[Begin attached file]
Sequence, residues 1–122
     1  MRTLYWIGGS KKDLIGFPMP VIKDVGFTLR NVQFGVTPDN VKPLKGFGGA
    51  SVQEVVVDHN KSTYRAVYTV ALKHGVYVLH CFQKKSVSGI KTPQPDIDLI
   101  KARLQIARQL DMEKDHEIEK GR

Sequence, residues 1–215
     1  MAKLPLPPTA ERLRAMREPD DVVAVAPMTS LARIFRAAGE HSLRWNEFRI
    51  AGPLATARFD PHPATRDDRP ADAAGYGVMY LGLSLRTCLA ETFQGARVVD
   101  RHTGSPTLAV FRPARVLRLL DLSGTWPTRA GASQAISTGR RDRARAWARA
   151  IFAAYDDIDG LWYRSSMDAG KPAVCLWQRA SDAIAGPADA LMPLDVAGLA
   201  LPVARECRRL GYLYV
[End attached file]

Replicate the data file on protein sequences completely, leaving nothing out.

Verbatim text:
Sequence, residues 1–122
     1  MRTLYWIGGS KKDLIGFPMP VIKDVGFTLR NVQFGVTPDN VKPLKGFGGA
    51  SVQEVVVDHN KSTYRAVYTV ALKHGVYVLH CFQKKSVSGI KTPQPDIDLI
   101  KARLQIARQL DMEKDHEIEK GR

Sequence, residues 1–215
     1  MAKLPLPPTA ERLRAMREPD DVVAVAPMTS LARIFRAAGE HSLRWNEFRI
    51  AGPLATARFD PHPATRDDRP ADAAGYGVMY LGLSLRTCLA ETFQGARVVD
   101  RHTGSPTLAV FRPARVLRLL DLSGTWPTRA GASQAISTGR RDRARAWARA
   151  IFAAYDDIDG LWYRSSMDAG KPAVCLWQRA SDAIAGPADA LMPLDVAGLA
   201  LPVARECRRL GYLYV